How to Build a Raspberry Pi with Node-RED and Industrial GPIO

Posted by Benson Hougland on Dec 14, 2016 3:39:17 PM

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UPDATE: This post has been updated to reflect changes in the most recent Raspbian Jessie Lite image (no longer includes Node-RED or node.js) and to use the new Digital I/O for Raspberry Pi Starter Kit for I/O hardware (new code, photos, and video).

The Raspberry Pi® is an unquestionably powerful computer for just $35. And it really is just that: a computer. That means the Pi is capable of many tasks and perfect for many automation applications.

Couple the Pi to industrial, solid-state digital inputs and outputs, and you can build compelling and cost-effective solutions for commercial and industrial applications, too.

One of the easiest and fun ways to quickly build software applications is with Node-RED, the free, open-source software tool designed by IBM Emerging Technologies and used for wiring together hardware devices, APIs, and online services in new and interesting ways.

However, Node-RED is only included in the full PIXEL GUI version of the Raspbian Jessie Operating System, available from Their latest 2016-11-25-raspbian-jessie-lite.img build for headless operation (no monitor, keyboard, or mouse required) is no longer bundled with either Node-RED or the required software tools node.js and npm.

The purpose of this post is to guide you through creating a headless Raspberry Pi computer with the latest versions of Node-RED, node.js, and npm, building a Node-RED application, and controlling and sensing GPIO connected to industrial digital I/O, quickly and simply. (For a sneak peek at the result of this build, see the video near the end of this post.)


Image: New Opto 22 Digital I/O for Raspberry Pi Starter Kit with Raspberry Pi 3 Computer

This post provides step-by-step instructions for:

  • Building and configuring your microSD boot image with Raspbian Jessie Lite
  • Installing Node-RED, node.js, and npm
  • Configuring Node-RED to start up at boot time
  • Installing various Node-RED nodes, including our SNAP PAC Node-RED nodes (optional)
  • Importing a Node-RED flow for sensing and controlling digital I/O through GPIO nodes

Here is a diagram of the steps you'll take:


What you'll need:

  • A Raspberry Pi - I'm using a Raspberry Pi 3
  • A microSD card (minimum 8 GB) and reader for your computer
  • A power supply

Optional items used in this post (needed to see the result of a Node-RED flow with GPIO nodes):

Get the Digital I/O for Raspberry Pi Starter Kit

Now, I'm no expert with the Raspberry Pi or the Linux command line. You don't need to be, either. I think you'll find the following instructions pretty easy to do if you're careful to follow the steps in order.

When you're done, you'll have yourself a complete, powerful, and exciting computing platform to build the automation application of your dreams.

Step 1: Build and Configure Raspbian microSD boot device

Download Raspbian Jessie Lite image for headless operation (no monitor, keyboard, or mouse needed):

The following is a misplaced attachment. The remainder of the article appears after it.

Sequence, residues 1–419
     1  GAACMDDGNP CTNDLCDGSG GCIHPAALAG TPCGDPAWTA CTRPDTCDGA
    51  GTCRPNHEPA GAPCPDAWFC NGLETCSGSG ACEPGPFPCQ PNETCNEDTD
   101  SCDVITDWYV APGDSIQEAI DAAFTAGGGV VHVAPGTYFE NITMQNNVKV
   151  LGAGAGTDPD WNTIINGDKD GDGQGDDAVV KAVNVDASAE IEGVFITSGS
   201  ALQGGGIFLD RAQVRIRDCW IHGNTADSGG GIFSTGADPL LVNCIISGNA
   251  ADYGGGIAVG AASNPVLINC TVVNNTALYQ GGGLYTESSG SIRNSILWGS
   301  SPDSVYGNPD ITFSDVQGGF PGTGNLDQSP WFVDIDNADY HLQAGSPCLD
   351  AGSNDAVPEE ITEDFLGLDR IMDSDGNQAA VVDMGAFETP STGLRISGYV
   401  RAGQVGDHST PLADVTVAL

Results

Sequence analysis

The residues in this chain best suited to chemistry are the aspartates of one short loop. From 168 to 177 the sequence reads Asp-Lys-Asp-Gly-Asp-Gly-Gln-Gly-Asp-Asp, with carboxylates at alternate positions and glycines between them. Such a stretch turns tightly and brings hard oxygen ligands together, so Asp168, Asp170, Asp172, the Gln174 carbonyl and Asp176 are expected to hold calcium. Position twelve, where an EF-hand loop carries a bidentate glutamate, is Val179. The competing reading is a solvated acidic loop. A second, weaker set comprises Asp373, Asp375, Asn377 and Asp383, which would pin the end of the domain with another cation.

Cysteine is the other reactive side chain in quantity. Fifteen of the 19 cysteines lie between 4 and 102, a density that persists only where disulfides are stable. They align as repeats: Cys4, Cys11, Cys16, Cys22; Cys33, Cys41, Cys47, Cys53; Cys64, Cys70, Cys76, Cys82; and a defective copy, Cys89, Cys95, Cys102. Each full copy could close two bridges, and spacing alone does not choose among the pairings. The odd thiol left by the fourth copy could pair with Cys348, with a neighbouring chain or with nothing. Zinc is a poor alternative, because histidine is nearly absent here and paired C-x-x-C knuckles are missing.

Unzip the file into your /Downloads folder.

Instructions for OS X from Terminal window:

diskutil list
  • Determine microSD disk name from result (for example, for disk4):

diskutil unmount disk4s1
cd downloads/

  • Choose one (1st for Jessie; 2nd for Jessie Lite):
sudo dd bs=1m if=2016-11-25-raspbian-jessie.img of=/dev/rdisk4
sudo dd bs=1m if=2016-11-25-raspbian-jessie-lite.img of=/dev/rdisk4

Instructions for Windows:

  1. Download Win32 Disk Imager:
  2. Install and start Win32 Disk Imager.
  3. Select image file from your Downloads folder, and choose the drive letter for your SD card.
  4. Click Write.

UPDATE: The latest Raspbian Jessie image from (016-11-25-raspbian-jessie-lite.img) no longer allows SSH connections by default. You must place a file with no extension named "ssh" in the root of the card. To do this, simply create a new Text Document on your desktop with no contents, then rename the file to remove the extension. Copy this file onto your microSD card in the /BOOT/ directory. Now, you can SSH in as shown in the next step. 

Step 2: Log in and Configure Headless Pi

Command prompt method for headless operation under Jessie Lite (Note: this step could be problematic if more than one Raspberry Pi3/Raspbian Jessie in its default configuration exists on your network or if your DNS cache isn't flushed. If your connection is refused, see update in previous step.):

  1. Mac/Linux: Attempt SSH session from your terminal application::

ssh pi@raspberrypi

  • Windows: You'll need the free PuTTy terminal application download. Once installed, enter raspberrypi in the Host Name (or IP address) field. Make sure the port number is 22 and SSH option is selected, then click Open.
Once connected, log in:

pi@raspberrypi’s password: raspberry

or for Windows: login as: pi
Then, pi@raspberrypi’s password: raspberry

  1. sudo raspi-config at command prompt
  2. Select Option 1 - Expand Filesystem
  3. Select Option 2 - Change User Password (for example, opto22)